Spider-Man: Homecoming

 

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The second re-boot of Spider-Man is an agreeable, politically-correct confection, even if this time if 

feels just like a chapter in a bigger book.

 

Spider-Man: Homecoming

Ceiling fan: Tom Holland

 

Actually, that should be Spider-Boy, as this second Spidey reboot goes back to Peter Parker’s schooldays and the fifteen-year-old student he once was. At heart, it’s a high school romance framed by a superhero movie, a right-angled adjunct to the Marvel Cinematic Universe. While this formula feeds out teasing links to the other instalments gathering at the gates of the multiplex, it does rather undermine Homecoming as a stand-alone feature. And even at 133 minutes, the film feels strangely incomplete, as if mustering momentum for revelations to be resolved in a forthcoming chapter. Even so, it’s a good deal more fun than a lot of the Marvel movies and as Spidey, the London-born Tom Holland is a sprightly, agreeable would-be hero and more than holds his own against the ghosts of Tobey Maguire and Andrew Garfield. One might even say he’s the most engaging Peter Parker yet.

 

For his antagonist we have Michael Keaton, which is kinda weird, as older viewers may recall the actor as the Caped Crusader in Tim Burton’s Batman (1989) and its sequel, Batman Returns (1992), not to mention his Oscar-nominated turn as the man who played Birdman (2014). Keaton can be creepy when he wants to be, but his ‘Vulture’ is hardly in the same league as Heath Ledger’s The Joker or Tom Hardy’s Bane. However, as the title suggests, this is as much about the impending Homecoming dance at Peter’s school as it is about the Vulture’s illegal trafficking in alien-enhanced weaponry.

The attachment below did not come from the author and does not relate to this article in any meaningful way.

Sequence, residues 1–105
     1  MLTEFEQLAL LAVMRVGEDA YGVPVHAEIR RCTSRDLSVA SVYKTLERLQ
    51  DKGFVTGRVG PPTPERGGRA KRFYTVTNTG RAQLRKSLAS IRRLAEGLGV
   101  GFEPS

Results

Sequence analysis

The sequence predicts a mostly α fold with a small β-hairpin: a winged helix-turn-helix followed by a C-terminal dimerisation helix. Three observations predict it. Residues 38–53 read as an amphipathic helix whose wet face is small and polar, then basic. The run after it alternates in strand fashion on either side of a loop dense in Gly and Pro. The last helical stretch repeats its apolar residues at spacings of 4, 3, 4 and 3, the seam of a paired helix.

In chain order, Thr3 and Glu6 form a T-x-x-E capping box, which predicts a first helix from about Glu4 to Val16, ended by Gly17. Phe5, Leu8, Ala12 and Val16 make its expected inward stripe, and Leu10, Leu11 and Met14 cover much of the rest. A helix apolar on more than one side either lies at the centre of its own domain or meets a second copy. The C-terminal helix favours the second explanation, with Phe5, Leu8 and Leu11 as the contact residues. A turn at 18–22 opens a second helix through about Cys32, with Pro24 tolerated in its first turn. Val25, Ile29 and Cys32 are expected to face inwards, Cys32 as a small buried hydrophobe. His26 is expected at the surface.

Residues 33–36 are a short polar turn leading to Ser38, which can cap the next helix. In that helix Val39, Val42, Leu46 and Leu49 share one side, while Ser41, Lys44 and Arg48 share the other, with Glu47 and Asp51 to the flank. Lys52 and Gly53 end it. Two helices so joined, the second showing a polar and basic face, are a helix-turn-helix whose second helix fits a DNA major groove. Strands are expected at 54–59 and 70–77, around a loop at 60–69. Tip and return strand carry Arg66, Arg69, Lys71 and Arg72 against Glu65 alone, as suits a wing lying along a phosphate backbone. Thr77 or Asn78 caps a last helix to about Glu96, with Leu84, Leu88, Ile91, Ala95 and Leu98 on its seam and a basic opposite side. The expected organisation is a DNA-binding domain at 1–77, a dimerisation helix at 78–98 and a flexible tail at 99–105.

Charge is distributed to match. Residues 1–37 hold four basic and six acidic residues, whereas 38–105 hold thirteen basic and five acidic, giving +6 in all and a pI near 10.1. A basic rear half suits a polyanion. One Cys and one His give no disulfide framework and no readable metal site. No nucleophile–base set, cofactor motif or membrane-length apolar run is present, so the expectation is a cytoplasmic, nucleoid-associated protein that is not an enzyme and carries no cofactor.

The fun part is seeing Parker coming to terms with his alter ego, helping pedestrians with directions and apprehending a bike thief while dreaming of bigger crimes to confront. There’s also his infatuation with fellow student Liz (Laura Harrier), a beauty of mixed heritage, who he’d love to take to the ball; and his friendship with the amply proportioned Ned (Jacob Batalon), who just can’t keep his mouth shut. The latter is obviously of Polynesian origin, adding to the film’s vivid sense of diversity and making up for the fact that Parker himself is a slice of pure white bread.

 

Of all the Avengers, Spider-Man is perhaps the most likeable, for being both young and eager-to-please; but one can’t help wondering how many times he will be re-booted. Tobey Maguire slung his first web in 2002 and was followed just ten years later by Andrew Garfield. The gap is narrowing. For now, though, Tom Holland will do very nicely and is signed up to play Spidey for another two films.

 

JAMES CAMERON-WILSON

 

Cast: Tom Holland, Michael Keaton, Jon Favreau, Gwyneth Paltrow, Zendaya, Donald Glover, Robert Downey Jr, Jacob Batalon, Laura Harrier, Tony Revolori, Bokeem Woodbine, Tyne Daly, Marisa Tomei, Kenneth Choi, Michael Chernus, Logan Marshall-Green, Isabella Amara, Angourie Rice, Stan Lee, Chris Evans, and the Voices of: Jennifer Connelly and Kerry Condon.

 

Dir Jon Watts, Pro Kevin Feige and Amy Pascal, Screenplay Jonathan Goldstein, John Francis Daley, Jon Watts, Christopher Ford, Chris McKenna and Erik Sommers, Ph Salvatore Totino, Pro Des Oliver Scholl, Ed Dan Lebental and Debbie Berman, Music Michael Giacchino, Costumes Louise Frogley.

 

Columbia Pictures/Marvel Studios/Pascal Pictures-Sony Pictures.

133 mins. USA. 2017. Rel: 5 July 2017. Cert. 12A.